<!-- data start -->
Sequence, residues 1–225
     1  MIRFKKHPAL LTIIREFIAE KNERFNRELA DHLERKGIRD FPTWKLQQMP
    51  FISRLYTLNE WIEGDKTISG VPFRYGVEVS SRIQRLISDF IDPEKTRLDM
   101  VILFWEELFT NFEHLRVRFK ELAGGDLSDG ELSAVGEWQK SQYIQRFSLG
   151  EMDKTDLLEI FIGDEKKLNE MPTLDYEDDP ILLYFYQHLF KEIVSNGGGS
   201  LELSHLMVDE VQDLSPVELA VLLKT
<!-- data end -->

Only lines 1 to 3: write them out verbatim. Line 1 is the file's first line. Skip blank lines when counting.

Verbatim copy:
Sequence, residues 1–225
     1  MIRFKKHPAL LTIIREFIAE KNERFNRELA DHLERKGIRD FPTWKLQQMP
    51  FISRLYTLNE WIEGDKTISG VPFRYGVEVS SRIQRLISDF IDPEKTRLDM